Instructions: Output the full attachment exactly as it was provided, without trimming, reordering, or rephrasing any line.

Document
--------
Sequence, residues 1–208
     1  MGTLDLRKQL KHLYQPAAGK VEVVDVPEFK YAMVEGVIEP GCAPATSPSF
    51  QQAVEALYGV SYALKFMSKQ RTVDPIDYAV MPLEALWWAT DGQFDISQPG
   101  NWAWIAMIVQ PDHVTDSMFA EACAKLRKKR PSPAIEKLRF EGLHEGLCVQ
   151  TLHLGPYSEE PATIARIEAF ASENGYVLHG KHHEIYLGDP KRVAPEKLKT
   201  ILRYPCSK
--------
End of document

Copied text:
Sequence, residues 1–208
     1  MGTLDLRKQL KHLYQPAAGK VEVVDVPEFK YAMVEGVIEP GCAPATSPSF
    51  QQAVEALYGV SYALKFMSKQ RTVDPIDYAV MPLEALWWAT DGQFDISQPG
   101  NWAWIAMIVQ PDHVTDSMFA EACAKLRKKR PSPAIEKLRF EGLHEGLCVQ
   151  TLHLGPYSEE PATIARIEAF ASENGYVLHG KHHEIYLGDP KRVAPEKLKT
   201  ILRYPCSK